Institutional Ownership

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DEFINITION of 'Institutional Ownership'

The amount of a company’s available stock owned by mutual or pension funds, insurance companies, investment firms, private foundations, endowments or other large entities that manage funds on the behalf of others.

BREAKING DOWN 'Institutional Ownership'

Stocks with a large amount of institutional ownership are often looked upon favorably. Large entities frequently employ a team of analysts to perform detailed and expensive financial research before the group purchases a large block of a company’s stock. This makes their decisions influential in the eyes of other potential investors. See Keeping An Eye On The Activities of Insiders And Institutions.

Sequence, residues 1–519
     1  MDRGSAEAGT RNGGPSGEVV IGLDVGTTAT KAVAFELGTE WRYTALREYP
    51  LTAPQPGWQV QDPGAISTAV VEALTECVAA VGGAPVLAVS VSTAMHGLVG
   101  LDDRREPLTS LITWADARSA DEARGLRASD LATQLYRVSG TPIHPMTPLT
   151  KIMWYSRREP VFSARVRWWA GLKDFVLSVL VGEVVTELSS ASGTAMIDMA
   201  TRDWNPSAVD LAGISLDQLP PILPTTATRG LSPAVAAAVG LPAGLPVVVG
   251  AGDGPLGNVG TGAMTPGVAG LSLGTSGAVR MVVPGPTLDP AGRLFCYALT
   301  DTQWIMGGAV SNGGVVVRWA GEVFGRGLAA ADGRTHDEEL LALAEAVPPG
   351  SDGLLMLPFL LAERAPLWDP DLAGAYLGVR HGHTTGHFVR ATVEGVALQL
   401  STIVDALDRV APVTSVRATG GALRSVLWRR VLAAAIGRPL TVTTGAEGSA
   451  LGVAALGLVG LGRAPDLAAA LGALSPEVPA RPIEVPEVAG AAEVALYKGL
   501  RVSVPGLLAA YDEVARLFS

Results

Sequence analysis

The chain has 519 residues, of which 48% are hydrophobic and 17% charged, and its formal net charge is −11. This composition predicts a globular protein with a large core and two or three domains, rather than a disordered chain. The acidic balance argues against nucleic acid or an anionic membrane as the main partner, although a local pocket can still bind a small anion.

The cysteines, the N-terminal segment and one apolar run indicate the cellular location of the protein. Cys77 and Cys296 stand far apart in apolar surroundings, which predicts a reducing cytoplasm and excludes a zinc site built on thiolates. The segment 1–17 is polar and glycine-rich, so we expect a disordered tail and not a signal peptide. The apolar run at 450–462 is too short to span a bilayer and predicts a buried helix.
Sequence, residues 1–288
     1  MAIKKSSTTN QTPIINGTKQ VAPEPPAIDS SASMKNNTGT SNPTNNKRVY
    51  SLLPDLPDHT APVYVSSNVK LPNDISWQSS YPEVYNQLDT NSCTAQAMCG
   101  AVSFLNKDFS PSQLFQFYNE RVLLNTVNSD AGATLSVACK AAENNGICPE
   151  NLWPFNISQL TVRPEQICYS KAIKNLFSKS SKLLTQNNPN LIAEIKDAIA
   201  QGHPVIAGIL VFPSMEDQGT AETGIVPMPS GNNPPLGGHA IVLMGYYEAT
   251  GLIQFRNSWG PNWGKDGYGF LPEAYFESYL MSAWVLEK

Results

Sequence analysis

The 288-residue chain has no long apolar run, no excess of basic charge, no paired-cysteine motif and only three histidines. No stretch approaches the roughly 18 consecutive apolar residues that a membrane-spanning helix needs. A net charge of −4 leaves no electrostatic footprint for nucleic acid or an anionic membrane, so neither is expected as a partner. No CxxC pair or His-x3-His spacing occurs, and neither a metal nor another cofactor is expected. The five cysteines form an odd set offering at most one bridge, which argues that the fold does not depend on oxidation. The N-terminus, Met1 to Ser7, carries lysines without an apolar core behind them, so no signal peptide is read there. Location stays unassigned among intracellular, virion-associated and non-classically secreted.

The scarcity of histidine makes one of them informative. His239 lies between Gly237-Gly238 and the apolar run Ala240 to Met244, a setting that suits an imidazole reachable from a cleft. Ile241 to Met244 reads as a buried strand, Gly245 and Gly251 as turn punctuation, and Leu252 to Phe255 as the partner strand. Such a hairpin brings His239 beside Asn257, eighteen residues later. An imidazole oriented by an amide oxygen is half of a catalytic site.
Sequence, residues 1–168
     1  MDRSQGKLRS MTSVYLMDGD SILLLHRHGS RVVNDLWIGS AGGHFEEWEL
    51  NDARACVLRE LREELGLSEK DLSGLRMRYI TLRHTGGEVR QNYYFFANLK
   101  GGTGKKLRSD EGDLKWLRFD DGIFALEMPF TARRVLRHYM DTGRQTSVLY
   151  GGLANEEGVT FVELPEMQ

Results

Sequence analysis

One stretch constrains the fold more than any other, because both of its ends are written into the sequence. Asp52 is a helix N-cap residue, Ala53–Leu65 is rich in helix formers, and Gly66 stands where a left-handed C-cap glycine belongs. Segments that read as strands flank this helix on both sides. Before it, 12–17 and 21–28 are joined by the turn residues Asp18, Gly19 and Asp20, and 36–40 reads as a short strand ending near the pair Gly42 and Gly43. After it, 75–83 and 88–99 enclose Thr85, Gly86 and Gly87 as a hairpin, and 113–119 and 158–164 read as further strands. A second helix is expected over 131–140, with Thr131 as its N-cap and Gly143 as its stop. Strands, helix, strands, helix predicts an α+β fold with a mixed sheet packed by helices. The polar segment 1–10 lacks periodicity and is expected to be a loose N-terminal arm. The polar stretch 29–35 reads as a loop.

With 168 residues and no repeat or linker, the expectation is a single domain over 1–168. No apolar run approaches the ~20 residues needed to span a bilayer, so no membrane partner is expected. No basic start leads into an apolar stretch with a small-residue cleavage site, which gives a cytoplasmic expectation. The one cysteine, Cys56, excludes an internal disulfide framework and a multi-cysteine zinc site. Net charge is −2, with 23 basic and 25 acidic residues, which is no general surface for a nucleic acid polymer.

Because of the investment made into research, institutions aren’t quick to sell their positions. When they do, however, it can be seen as a judgment on the stock's value and drive down its price.

Institutions may also work to drive the share price higher once they own the stock. TV appearances, articles in high-profile publications and presentations at investor conferences help to move the stock higher, increasing the value of the position. For more, see The Pros And Cons Of Institutional Ownership and A Brief Guide To Institutional Investing.